More than knowledge, though, this problem requires action. It requires us remaining vigilant and responsible in our own homes in terms of securing and disposing of medications. It requires us to work with emergency personnel and health officials, with educators and elected leaders, to find new solutions.

Most importantly, it requires us looking at what leads people of any age to abuse dangerous drugs, and to contemplate what we can do collectively to be a positive force in those lives.


Comments
3 comments on this item

What WE can do COLLECTIVELY Mr. Howell? How about challenging those that want to legalize what has been determined to be a gateway drug. How about challenging those so-called leaders that tell our youth that a little drug use is no big deal. How about challenging those reporters that have no problem calling a certain drug MEDICINE, when that word denotes government testing and approval which is certainly not the case. How about challenging state law that allows this so-called medicine to be grown in homes where the growers and the homes are considered to be privileged and private information.

Right now, it is not a COLLECTIVE problem as more of a leadership problem that is trying to normalize drug use. That is where the problem is, a mixed message, one that could impact all of us, our children and Grandchildren.

Roy is correct. The American left and it's Amen Corner in mental health has bent over backwards in the last 25 years to avoid stigmatizing the bizarre, the criminal, and the illegal. From "transgender" legislation, to immigration, to the addiction and recovery industry nothing is bad, wrong, or immoral. Some folks simply make "different choices". We must not be "judgmental" of these choices for fear of "marginalizing" a particular group. And in all things, we must be "tolerant" don't you now. The result: A national fabric resembling the bar scene in Star Wars.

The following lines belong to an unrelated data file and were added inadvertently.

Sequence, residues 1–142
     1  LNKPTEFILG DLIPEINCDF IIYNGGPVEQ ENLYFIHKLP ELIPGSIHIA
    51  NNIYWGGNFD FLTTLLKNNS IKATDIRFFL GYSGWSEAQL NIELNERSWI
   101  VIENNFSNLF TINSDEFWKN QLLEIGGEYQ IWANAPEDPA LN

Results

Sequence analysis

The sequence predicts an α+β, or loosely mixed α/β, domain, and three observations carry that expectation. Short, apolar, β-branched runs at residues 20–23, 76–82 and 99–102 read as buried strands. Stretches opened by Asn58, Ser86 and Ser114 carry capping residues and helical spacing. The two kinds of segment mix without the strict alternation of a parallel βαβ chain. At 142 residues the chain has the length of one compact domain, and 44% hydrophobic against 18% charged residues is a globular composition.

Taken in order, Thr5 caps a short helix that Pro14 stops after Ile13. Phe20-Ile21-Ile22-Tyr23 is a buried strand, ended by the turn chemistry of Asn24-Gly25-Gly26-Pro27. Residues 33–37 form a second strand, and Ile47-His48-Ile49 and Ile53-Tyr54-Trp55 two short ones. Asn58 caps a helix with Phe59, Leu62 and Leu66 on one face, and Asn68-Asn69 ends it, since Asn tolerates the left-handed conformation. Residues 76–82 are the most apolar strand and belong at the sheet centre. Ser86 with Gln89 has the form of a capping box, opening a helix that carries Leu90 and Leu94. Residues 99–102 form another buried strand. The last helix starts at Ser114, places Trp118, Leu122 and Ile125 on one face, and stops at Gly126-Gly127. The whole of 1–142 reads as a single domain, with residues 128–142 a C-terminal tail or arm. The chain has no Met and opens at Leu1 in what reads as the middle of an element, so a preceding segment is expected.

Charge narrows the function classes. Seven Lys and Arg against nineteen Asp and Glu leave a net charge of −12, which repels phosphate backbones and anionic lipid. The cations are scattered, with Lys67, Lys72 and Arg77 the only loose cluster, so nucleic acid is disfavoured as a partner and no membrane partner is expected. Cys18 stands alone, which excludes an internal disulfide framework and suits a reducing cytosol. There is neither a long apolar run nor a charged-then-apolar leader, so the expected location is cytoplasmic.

There is no problem with the legalization of any drug in my view. The problem is with self control and personal responsibility.

The war on drugs has cost us enough over the years, time to stop it. Prohibition doesn't work, it creates a black market for what ever item the government is trying to control.

As far as being tolerant, to paraphrase Thomas Jefferson if "it neither picks my pocket or breaks my leg what difference is it to me?" So as long as it's consenting adults so what? That does not mean legislation is needed and it does not mean anyone needs to like the choices. If the baker doesn't want to bake you a Him and Him wedding cake, go somewhere else. Your choices are not allowed to make demands on others.

In the editorial it mentions a list of just about everyone from us in our homes to emergency personnel, elected leaders and others, everybody except the drug abuser. Remember the "just say no to drugs" campaign? Sorry, I don't want to pay anymore for other peoples bad choices.

Let's get back to personal responsibility and holding people accountable for their actions.